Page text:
Countries also enjoy lower costs of commodities due to the economies of scale. An economy of scale is a fundamental principle in trading process. An industry that is small can only be profitable if it can sell to a small market. International market gives firms opportunity to enjoy a wider market (Mankiw 1).

Other benefits that are accrued from the international trade are new technologies which are spread out to other countries which are yet to develop. The underdeveloped countries thus get a chance to develop alongside the develop countries especially as they exchange ideas though international trade.

The main weakness of international trade is that weaker counties face stiffer competition from developed countries and some industries in the weaker countries will likely close down due to stiff competition.

Also another risk is the unreliability by trading partners for example a trading partner may consider it unfit to sell a specific commodity at particular times when it comes to matters of national security; a country might consider it fundamental not to sell food products to international market in times of extreme drought to safeguard its food security.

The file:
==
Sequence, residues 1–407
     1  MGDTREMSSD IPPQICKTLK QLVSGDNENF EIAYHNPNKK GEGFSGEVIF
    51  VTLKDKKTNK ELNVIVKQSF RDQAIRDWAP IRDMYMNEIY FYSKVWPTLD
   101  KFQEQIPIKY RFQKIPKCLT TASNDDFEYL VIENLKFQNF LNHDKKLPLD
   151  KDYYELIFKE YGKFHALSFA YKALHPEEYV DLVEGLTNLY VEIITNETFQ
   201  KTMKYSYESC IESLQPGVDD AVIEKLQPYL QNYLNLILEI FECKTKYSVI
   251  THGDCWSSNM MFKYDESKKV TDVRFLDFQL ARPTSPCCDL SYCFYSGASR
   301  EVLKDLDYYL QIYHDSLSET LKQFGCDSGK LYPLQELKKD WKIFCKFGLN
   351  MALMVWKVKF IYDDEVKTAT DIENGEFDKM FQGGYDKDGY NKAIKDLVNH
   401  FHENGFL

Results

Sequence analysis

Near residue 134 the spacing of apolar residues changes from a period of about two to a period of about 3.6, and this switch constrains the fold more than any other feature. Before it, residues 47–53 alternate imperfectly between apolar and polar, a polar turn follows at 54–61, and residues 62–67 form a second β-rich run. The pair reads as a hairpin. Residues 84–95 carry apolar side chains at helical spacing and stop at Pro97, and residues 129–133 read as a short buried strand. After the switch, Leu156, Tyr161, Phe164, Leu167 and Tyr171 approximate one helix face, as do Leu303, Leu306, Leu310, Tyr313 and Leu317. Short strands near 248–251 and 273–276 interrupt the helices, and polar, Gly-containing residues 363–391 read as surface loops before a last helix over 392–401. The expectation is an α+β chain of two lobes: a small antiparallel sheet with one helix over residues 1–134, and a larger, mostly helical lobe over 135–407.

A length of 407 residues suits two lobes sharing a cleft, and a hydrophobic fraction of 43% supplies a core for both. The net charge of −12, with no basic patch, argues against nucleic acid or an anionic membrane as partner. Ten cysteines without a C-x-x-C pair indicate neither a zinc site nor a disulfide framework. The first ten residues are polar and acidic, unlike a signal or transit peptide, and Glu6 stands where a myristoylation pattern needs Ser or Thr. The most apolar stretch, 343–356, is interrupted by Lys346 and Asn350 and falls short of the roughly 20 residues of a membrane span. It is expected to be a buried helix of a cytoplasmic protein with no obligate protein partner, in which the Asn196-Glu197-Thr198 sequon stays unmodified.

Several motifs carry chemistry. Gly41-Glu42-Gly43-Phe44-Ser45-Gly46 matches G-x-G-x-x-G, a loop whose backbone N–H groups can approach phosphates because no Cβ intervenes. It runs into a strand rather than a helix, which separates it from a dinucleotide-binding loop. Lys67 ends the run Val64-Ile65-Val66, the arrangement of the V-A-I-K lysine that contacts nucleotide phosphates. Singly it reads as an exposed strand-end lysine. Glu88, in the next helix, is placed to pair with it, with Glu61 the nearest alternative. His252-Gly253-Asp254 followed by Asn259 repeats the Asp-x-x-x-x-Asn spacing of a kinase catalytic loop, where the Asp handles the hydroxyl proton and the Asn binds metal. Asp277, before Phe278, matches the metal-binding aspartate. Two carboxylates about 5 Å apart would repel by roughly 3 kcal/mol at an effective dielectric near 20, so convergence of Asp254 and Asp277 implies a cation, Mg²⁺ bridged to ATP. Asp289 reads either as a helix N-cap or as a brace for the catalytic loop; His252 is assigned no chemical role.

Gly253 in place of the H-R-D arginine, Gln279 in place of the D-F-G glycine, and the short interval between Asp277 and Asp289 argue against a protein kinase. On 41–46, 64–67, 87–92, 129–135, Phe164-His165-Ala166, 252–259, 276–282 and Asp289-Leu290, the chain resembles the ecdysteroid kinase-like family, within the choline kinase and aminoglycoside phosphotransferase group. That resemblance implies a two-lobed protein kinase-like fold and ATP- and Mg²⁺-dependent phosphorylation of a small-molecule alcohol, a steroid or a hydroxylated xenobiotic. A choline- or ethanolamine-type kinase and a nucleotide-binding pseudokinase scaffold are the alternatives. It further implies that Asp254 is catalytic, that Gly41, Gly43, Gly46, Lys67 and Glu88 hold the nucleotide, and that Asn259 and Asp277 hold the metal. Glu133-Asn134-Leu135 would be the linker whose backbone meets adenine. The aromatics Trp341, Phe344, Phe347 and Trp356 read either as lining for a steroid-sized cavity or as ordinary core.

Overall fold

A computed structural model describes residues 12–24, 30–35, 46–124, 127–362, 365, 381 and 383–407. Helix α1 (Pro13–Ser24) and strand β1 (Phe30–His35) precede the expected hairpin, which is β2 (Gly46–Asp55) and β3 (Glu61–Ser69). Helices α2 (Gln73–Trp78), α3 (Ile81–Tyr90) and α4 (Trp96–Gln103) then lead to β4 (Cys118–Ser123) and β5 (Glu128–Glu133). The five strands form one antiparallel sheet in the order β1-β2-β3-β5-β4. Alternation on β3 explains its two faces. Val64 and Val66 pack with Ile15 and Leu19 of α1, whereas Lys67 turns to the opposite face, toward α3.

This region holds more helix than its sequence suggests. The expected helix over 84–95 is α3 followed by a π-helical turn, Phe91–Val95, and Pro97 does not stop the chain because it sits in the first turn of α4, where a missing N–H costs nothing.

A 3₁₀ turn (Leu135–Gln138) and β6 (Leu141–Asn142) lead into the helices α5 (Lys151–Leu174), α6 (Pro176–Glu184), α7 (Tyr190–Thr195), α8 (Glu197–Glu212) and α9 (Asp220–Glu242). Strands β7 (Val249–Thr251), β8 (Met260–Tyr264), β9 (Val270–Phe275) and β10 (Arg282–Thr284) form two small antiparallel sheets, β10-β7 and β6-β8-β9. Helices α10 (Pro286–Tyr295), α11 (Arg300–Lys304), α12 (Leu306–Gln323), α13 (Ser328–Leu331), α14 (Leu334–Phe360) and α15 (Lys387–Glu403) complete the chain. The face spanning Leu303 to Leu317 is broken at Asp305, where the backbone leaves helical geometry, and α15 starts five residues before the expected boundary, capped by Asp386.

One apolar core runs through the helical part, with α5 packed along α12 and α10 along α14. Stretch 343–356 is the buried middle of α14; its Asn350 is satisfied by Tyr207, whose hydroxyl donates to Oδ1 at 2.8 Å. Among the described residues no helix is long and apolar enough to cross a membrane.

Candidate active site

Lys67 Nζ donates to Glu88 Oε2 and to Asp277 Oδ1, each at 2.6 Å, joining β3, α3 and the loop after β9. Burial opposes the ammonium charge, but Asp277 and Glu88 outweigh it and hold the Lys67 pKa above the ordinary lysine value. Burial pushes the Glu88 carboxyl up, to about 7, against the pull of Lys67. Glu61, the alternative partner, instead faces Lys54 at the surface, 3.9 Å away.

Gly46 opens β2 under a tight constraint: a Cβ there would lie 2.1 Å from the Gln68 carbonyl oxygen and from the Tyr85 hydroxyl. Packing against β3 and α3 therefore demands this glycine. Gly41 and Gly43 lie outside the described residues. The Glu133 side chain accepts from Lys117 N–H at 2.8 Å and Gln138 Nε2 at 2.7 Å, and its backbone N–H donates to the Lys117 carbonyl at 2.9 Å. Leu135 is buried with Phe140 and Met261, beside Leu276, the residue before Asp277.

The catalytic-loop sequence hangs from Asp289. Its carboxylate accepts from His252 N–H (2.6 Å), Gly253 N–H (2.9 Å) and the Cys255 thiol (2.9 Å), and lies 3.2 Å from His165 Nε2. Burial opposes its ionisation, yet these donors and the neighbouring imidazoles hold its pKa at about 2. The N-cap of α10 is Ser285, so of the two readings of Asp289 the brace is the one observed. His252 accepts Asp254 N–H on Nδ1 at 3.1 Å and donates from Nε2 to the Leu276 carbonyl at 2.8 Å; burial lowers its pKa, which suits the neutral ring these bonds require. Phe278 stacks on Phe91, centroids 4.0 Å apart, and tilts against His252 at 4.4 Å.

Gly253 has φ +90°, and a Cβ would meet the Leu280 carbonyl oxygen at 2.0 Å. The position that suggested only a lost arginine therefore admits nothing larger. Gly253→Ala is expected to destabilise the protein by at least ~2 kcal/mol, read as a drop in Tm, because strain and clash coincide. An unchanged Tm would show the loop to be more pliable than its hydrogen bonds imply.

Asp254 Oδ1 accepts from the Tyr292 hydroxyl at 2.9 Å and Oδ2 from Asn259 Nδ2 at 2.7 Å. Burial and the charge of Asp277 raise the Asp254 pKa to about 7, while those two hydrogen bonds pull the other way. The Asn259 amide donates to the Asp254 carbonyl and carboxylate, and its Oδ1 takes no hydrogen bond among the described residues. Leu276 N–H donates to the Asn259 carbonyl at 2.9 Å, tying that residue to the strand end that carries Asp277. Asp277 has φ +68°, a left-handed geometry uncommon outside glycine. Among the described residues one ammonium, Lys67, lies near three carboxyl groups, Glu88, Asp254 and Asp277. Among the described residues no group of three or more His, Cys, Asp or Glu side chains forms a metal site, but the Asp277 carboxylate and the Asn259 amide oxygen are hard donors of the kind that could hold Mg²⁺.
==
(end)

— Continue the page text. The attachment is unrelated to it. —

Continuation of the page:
Developing countries also have the fear that their infant industries might collapse due to the competition from well established industries in the developed world.

This makes them to prohibit particular selected imports through trade quotas and trade tariffs. However it has been noted that: “such protectionist policies can be economically dangerous because they allow domestic producers to continue producing less efficiently and eventually lead to economic stagnation” (Globalization 1).

The risks of international trade are also in the sense where a country enjoys narrow degree of specialization and can be adversely affected when there is an unfavorable terms of trade in the demand market (Globalization 1).

Conclusion